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FOR years many women have suffered from endometriosis, and despite the prevalence of the disease, there is still little awareness and recognition by government and society of the profound impact on these women and their loved ones.
Women still battle with frequent misdiagnosis and delayed diagnosis, as it takes an average eight to 10 years for a woman to be properly diagnosed.
What do you know about this issue that causes women silent suffering?
Endometriosis is a condition where tissue similar to the lining of the uterus (the endometrial stroma and glands, which should only be located inside the uterus) is found elsewhere in the body.
It is generally acknowledged that an estimated 10 per cent of all women during their reproductive years (from the onset of menstruation to menopause) are affected by endometriosis. This equates to 176 million women throughout the world, who have to deal with the symptoms of endometriosis during the prime years of their lives.
Where is affected?
Endometriosis lesions can be found anywhere in the pelvic cavity:
• On the ovaries
• The Fallopian tubes
• On the pelvic side-wall (peritoneum)
• The uterosacral ligaments,
• The cul-de-sac,
• The Pouch of Douglas
• The rectal-vaginal septum.
In addition, it can be found in:
•On the bladder
•On the bowel
•On the intestines, colon, appendix, and rectum.
But these locations are not so common. In even more rare cases, endometriosis has been found inside the vagina, inside the bladder, on the skin, in the lungs, spine, and brain.
The most common symptom of endometriosis is pelvic pain. The pain often correlates to the menstrual cycle, but a woman with endometriosis may also experience pain that doesn't correlate to her cycle — this is what makes this condition so unpredictable and frustrating.
For many women, the pain of endometriosis is so severe and debilitating that it impacts their lives in significant ways.
Endometriosis can also cause scar tissue and adhesions to develop that can distort a woman's internal anatomy. In advanced stages, internal organs may fuse together, causing a condition known as a “frozen pelvis”. This is not common, but it does happen.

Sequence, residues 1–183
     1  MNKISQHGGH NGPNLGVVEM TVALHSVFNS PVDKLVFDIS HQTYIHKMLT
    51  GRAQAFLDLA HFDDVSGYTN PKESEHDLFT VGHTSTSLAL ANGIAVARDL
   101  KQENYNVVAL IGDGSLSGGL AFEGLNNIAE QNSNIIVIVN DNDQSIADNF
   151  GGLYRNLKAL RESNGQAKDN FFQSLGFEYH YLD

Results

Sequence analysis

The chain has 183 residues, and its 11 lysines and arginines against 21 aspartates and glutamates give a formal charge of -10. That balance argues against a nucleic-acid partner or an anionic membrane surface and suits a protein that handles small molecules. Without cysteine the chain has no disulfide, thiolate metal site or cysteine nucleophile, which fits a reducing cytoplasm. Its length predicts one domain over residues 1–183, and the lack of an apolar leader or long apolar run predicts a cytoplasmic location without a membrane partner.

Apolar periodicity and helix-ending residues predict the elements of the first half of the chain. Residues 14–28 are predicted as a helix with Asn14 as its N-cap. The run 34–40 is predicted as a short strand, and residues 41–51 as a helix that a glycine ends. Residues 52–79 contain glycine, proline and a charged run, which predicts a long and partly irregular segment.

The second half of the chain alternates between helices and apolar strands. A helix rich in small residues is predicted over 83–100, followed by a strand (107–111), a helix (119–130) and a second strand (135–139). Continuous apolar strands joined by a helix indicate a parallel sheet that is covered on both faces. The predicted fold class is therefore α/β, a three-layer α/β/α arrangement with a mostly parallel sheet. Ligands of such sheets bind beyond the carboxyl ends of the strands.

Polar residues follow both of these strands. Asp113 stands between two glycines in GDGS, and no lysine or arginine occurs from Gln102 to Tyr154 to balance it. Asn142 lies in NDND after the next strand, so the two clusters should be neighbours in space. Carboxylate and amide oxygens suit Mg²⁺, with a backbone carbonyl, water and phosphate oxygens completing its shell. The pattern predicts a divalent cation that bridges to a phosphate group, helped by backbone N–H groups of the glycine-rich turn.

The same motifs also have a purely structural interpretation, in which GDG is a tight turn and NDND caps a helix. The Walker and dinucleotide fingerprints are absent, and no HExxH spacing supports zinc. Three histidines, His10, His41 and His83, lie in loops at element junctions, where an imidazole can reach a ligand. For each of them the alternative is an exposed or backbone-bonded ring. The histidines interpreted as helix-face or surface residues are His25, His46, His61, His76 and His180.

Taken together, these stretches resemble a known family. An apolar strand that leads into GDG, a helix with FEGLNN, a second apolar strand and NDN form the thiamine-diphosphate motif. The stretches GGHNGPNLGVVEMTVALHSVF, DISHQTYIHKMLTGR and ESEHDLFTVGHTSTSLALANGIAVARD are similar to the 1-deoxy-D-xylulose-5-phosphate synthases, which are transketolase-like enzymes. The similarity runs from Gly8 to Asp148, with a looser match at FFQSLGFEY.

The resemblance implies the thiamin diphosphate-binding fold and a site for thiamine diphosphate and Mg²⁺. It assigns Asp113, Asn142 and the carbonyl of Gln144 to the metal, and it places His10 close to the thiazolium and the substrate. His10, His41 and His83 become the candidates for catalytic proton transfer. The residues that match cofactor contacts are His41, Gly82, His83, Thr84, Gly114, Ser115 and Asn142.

It is estimated that 30-40 per cent of women with endometriosis may not be able to have children.
Here are five other facts about the condition you should know
1. Possible signs of endometriosis include chronic pelvic pain, bowel or urinary disorders, painful intercourse, infertility and pregnancy loss, painful menstruation, gastrointestinal and urinary tract distress and rectal pain.
2. There is no known cure for endometriosis although there are different treatments available to improve the severity of symptoms so that those affected can have a better quality of life.
3. Endometriosis is actually surprisingly common, with at least one in 10 women and girls, usually of reproductive age, affected and suffering with crippling pain in the prime of their lives.
4. Endometriosis can destroy the uterus, ovaries and Fallopian tubes, as well as cause irreversible damage to other parts of the body such as the lungs, liver, heart, eyes, kidneys, brain, bladder, bowel, diaphragm, nerves and muscles. It also shares many features with non-fatal cancers.
5. Pre-teens and teenagers are especially susceptible to misdiagnosis, although if not treated properly, this condition can result in severe medical consequences.
— Some information from The World Endometriosis Society.
For the month of March — Endometriosis Awareness Month — we will bring you stories about the condition, as well as contributions from the brave women who are fighting the battle.